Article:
How Dementia Affects Sleep

For our senior loved ones with dementia, getting a good night’s sleep is more difficult than it ever has been before. Because dementia affects your cognitive function, sleep cycles and the circadian rhythm are often disrupted as dementia affects the brain. 

Of course, there are other factors in your senior that may affect their poor sleeping habits along with dementia, including:

  • a lack of natural sunlight, or not enough outside time
  • chronic pain
  • exhaustion
  • side effects of medication
  • general confusion about good sleeping hours

Dementia, combined with these other factors, could make any senior confused, exhausted, and struggling with sleep. Here at our facility for memory care in Carlsbad, we do our best to mitigate these concerns; however, every patient is different, and every senior takes a little time to get to know and develop a good care plan.


Things You Can Do

If your senior is still living at home, there are several things that you can do to help them get a good night’s rest. These things include:


1.) Create a sleep schedule – and stick to it. 

Seniors with dementia will often sleep for prolonged periods of time throughout the day, resulting in poor sleep at night. This could be attributed to dementia disrupting the circadian rhythm, so your senior may not even realize that they’re disrupting their sleep so badly when this occurs.

Try to get your loved one into bed at the same time every night and up at the same time each morning, with minimal naps in between. Create a calming nighttime routine for you both to do together as well. You could get some dim lights, turn on a diffuser, use lotion, listen to a sleep podcast – whatever you think would be comfortable for your senior and foster the best sleeping environment for them, you should do. 

When your senior gets enough sleep, so do you. You can rest easier knowing that they are safe and warm in bed. 


2.) Check medications for side effects. 

Seniors with dementia will, more likely than not, take several different medications throughout the day. Double check the side effects for the medications that they are taking to see if those may be the cause of – or attributing to – the lack of sleep your loved one is getting.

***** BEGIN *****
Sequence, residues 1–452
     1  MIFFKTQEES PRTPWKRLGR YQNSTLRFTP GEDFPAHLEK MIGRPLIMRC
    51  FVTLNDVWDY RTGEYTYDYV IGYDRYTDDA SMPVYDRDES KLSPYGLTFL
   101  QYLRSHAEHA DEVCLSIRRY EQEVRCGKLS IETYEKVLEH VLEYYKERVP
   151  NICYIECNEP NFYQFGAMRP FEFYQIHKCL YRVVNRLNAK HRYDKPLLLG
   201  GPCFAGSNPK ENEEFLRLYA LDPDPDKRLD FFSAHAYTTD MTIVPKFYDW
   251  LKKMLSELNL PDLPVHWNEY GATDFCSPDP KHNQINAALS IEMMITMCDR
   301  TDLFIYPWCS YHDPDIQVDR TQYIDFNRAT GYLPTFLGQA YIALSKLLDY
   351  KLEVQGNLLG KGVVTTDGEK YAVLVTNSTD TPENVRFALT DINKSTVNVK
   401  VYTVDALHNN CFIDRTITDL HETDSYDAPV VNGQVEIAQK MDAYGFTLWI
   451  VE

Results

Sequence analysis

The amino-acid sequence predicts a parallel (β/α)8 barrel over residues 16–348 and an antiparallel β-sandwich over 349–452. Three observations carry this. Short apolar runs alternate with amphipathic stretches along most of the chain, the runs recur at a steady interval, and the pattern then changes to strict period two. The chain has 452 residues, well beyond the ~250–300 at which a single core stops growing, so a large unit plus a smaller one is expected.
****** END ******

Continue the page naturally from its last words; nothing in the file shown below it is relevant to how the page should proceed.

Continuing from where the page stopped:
Some medications may be stimulants, and if you give those to your senior at night, that can keep them awake. Some others might have other side effects that may affect sleep as well, like those that make you have to constantly get up to use the restroom at night. Adjusting the times that you give these medicines to your senior has the potential to improve their sleep as well.

If these steps still aren’t working, it’s worth speaking to your loved one’s doctor about it. Maybe there is another medicine that has different side effects but will perform the same purpose, allowing for better sleep at night. You could also talk to your doctor about potentially using melatonin, which is a naturally occurring hormone in the body. If your loved one’s doctor believes that might help, it may be worth a try.


3.) Foster the ideal environment for sleep. 

There are not many people that can sleep if the environment isn’t right, and that includes your senior. If your senior’s room is too loud, too bright, too hot, too anything, it might affect how much rest that they’re getting. 

The ideal temperature to have the room is between approximately 60-67 degrees Fahrenheit, with no loud noises and no bright lights. You might want to add in some soothing music, or even reading with them can help. A calm, cool, and quiet senior bedroom leads to a good night’s sleep.

A bottle of lavender essential oil for sleep

4.) Cut out the coffee. 

This one may seem a little like a no-brainer, but it still bears mentioning: if your senior loves to drink coffee or tea, this may be what’s keeping them up at night. Try switching out their coffee or tea for the decaffeinated version, so you don’t have to get rid of it completely. Or you can always try a herbal tea geared toward winding down and relaxing, such as chamomile tea. The lowered caffeine levels may help with the restlessness at night. 


5.) Talk to your loved one’s doctor.

If none of these tips are working, then there may be something else at play that you might not realize. Your senior may have a condition like restless legs syndrome, sleep apnea, or something else that might be interfering with their sleep.

Talk to their doctor about their sleeping habits and what you’ve observed, and don’t forget to mention the steps that you’ve taken to help yourself. If there is something else going on in the background here, then the doctor may be able to prescribe some kind of medication or equipment (in the case of sleep apnea) to help them get the rest that they need. 


When You Might Need Help

It’s easy to get overwhelmed when you’re a caretaker. However, you must prioritize your own mental and physical health, because you can’t pour from an empty cup or give of yourself when you have nothing left. It’s okay to ask for help. And while it might not be your first choice, you shouldn’t be ashamed to reach out to a senior care facility if you can’t handle it alone.

Our services for memory care in Carlsbad can help take away some of that stress. Because there are staff members working 24 hours a day, seven days a week, you can rest assured that your senior loved one is being treated to top quality care. Our facility for memory care in Carlsbad will also have some of the other tools necessary, like alarms and guard rails for the beds, to keep your loved one as safe as possible.

Even more, our staff members are trained specifically to help seniors with cognitive disabilities, so we know exactly what your senior needs to not only get a good night’s rest, but have a good day’s activity as well. 

If you want to come and see the facility for yourself, please contact us and schedule a tour today!